Addendum: Liam Delaney at the Geary Behavioural Economics blog say this reminds him of Prize Bonds.

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We’ve written about the potential for using social norms to decrease tax evasion. Armenia is turning to lotteries (whose attraction is explained by Prospect Theory). Given the relative weakness of the state in Armenia, compared to say, the U.S., an innovative use of lotteries might be a good option.

Armenia is offering thousands of dollars in lottery prizes to consumers who take receipts for their purchases to try to tackle rampant tax evasion in the former Soviet republic.

The initiative began on Jan. 1 and the first prizes will be awarded this month, after authorities said the threat of prosecution had failed to encourage shopowners and market sellers to install cash registers and provide receipts.

“It’s no secret that not many people give receipts in Armenia,” said Armen Alaverdyan, deputy head of the State Revenue Committee.

Hat tip: Brian Stoner

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When gasoline prices shot up this year, Peggy Seemann thought about saving the $10 she spends weekly on lottery tickets. But the prospect that the $10 could become $100 million or more was too appealing. So rather than stop buying Mega Millions tickets, Ms. Seemann, 50, who lives in suburban Chicago and works in advertising sales for a financial Web site, saved money instead by packing her lunch a few days a week, keeping alive her dreams of hitting a jackpot and retiring as a multimillionaire.

“With companies tightening and not giving cost-of-living increases, you have to try to make money elsewhere,” she said, though conceding, “It might be convoluted logic.”

From Sweet Dreams in Hard Times Add to Lottery Sales. Sigh…

Why don’t people cut back on lottery tickets? Proposition #1: People see the lottery as a means to equaling or surpassing the incomes of those around them. Read recent behavioral economics paper “Subjective Relative Income and Lottery Ticket Purchases” (here) for more on lottery ticket purchases, especially by the poor.

Low-income individuals may be particularly drawn to purchasing lottery tickets because lotteries afford them an equal opportunity of winning. They are likely to perceive the lottery as a rare opportunity to compete on equal footing with people who are more affluent.

Proposition #2: Lottery ticket sales don’t account for a large part of household budgets. A few bucks a week on Powerball tickets seems inconsequential. But people cut back on specialty coffee. Why not lotto tix? Specialty coffee and lottery tickets should be treated as goods consumed primarily by different social classes. So we’re back to Proposition #1. Continued lottery ticket purchases by people, especially low-income people, are not due to ignorance or cognitive errors. They are most likely due to factors underlying their economic status.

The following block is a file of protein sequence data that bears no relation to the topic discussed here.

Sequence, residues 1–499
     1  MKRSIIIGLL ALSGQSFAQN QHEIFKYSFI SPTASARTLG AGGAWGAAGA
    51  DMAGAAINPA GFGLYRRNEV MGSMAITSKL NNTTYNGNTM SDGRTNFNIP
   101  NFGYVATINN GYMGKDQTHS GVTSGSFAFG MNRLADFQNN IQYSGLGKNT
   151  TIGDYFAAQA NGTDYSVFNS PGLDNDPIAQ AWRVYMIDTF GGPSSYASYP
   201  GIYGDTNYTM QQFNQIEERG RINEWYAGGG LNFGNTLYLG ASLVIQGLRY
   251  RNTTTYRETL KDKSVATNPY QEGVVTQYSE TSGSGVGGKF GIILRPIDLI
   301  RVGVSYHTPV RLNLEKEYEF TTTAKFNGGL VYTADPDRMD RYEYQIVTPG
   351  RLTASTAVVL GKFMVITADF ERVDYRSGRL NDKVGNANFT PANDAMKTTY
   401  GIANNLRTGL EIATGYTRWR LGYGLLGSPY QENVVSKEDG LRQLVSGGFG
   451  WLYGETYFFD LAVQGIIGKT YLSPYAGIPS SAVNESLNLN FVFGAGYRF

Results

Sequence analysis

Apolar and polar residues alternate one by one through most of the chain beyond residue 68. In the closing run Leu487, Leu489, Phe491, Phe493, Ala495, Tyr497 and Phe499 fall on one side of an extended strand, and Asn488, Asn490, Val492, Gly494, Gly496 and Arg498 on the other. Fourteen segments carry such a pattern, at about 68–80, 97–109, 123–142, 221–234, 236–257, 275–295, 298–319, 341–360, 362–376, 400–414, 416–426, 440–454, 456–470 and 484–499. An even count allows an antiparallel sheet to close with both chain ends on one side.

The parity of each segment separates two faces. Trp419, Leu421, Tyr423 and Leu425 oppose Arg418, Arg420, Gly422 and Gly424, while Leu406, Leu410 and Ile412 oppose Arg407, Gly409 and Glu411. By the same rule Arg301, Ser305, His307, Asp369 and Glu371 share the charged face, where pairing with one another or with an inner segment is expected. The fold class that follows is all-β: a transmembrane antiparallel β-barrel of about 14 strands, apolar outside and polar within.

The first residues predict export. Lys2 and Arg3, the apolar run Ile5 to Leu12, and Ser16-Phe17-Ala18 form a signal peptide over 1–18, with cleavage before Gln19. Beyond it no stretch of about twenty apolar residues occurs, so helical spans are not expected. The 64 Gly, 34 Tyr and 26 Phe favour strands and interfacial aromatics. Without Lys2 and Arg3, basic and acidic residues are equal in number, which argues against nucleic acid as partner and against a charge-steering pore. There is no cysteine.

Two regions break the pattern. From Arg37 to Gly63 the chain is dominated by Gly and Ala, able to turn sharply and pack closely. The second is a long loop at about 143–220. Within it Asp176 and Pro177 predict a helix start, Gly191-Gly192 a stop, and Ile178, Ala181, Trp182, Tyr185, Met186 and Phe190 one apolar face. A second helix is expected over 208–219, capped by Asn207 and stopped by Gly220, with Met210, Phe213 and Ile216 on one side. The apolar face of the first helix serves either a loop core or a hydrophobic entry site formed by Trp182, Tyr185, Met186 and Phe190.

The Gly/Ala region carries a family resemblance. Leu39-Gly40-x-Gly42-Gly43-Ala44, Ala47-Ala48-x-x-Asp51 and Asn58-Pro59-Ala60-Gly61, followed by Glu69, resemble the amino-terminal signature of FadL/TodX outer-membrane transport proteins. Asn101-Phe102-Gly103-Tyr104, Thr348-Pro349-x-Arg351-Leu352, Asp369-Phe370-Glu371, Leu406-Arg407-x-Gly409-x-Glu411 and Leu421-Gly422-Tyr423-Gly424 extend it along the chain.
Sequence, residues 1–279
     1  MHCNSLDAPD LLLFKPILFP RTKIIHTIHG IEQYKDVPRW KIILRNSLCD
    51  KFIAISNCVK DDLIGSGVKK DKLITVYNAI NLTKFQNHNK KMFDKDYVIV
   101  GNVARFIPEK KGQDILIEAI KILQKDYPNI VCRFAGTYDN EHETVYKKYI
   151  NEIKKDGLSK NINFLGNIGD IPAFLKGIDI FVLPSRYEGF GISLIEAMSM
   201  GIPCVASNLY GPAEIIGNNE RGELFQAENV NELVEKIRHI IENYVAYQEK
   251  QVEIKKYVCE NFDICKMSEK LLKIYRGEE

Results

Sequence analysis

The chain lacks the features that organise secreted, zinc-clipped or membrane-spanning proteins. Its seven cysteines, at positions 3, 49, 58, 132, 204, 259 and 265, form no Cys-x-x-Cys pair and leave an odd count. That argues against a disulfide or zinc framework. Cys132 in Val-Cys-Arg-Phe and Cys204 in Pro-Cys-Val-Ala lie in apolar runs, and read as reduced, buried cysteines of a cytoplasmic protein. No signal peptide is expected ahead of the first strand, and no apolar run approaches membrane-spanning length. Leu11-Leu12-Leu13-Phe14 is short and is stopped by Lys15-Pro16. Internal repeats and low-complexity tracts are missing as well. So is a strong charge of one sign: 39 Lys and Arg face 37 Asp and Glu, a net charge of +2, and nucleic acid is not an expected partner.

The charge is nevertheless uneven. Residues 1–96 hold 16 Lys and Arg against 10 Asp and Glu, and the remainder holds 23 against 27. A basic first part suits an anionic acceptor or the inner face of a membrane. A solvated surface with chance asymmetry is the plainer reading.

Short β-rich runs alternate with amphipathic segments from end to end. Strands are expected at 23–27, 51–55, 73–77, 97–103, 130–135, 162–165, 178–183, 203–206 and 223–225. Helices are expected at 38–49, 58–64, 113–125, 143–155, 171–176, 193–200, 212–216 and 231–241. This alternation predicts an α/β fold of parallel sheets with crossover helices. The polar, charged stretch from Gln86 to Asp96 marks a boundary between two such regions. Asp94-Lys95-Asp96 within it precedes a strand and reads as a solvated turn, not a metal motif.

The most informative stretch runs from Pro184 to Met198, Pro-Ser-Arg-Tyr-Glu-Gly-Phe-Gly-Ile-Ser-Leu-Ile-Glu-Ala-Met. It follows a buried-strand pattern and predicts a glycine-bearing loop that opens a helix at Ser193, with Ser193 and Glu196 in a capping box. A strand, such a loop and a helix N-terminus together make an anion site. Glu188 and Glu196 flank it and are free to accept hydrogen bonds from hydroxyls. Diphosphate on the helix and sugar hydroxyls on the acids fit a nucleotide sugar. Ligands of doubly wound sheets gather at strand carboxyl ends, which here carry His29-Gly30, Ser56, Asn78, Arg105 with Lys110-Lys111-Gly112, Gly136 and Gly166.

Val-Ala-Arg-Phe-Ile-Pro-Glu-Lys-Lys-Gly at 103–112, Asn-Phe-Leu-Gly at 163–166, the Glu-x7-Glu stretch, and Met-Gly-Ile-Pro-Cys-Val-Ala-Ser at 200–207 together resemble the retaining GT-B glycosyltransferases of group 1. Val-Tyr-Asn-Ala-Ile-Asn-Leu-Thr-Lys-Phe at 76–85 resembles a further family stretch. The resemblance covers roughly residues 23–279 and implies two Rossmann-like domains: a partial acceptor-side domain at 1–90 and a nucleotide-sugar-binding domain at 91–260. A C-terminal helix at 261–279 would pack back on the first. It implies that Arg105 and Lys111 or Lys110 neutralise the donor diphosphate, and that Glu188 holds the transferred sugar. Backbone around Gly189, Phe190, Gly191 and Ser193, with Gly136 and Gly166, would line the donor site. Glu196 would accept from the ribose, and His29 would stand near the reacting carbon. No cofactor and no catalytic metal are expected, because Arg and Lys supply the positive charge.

People with low incomes play the lottery, which amounts to effectively burning $.47 on every dollar spent, in part because the cognitions associated with poverty increase the appeal of playing. This creates a vicious cycle. The subjective feeling of poverty leads people to take actions that effectively exacerbate the financial condition which led to the actions in the first place. The cost is not insubstantial.

There have been policy proposals for encouraging savings by linking lottery tickets to bank accounts. Under these lottery-linked savings accounts, which are found most prevalently in Latin America, monthly drawings for cash and prizes are held for account-holding customers, who also get one lottery ticket for every $X they currently have on deposit.

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The Monkey Cage cites a paper by Jonathan Guryan of the Graduate School of Business, University of Chicago, and Melissa Kearney of the University of Maryland that tries to explain the following phenomenon:

In the week after a large-prize winning ticket has been purchased at a given store, that store experiences a 12 to 28% relative sales increase in lottery ticket sales. This increase fades over time, but the store’s lottery ticket sales remain elevated for up to 40 weeks. This effect increases with the size of the jackpot and with the economically disadvantaged proportion of the population.

What’s interesting about this finding is that previous research has shown that people decrease the amount of money bet on certain lottery numbers after those numbers come up winners. So they go to the store that sold the last lottery ticket, but don’t pick any of the numbers from the last jackpot? How can these apparently contradictory findings be resolved? Guryan and Kearney come up with an idea they call the “lucky store effect” in which “consumers erroneously increase their estimate of the probability a ticket bought from the winning store will itself be a winner.”

Continue reading the post here.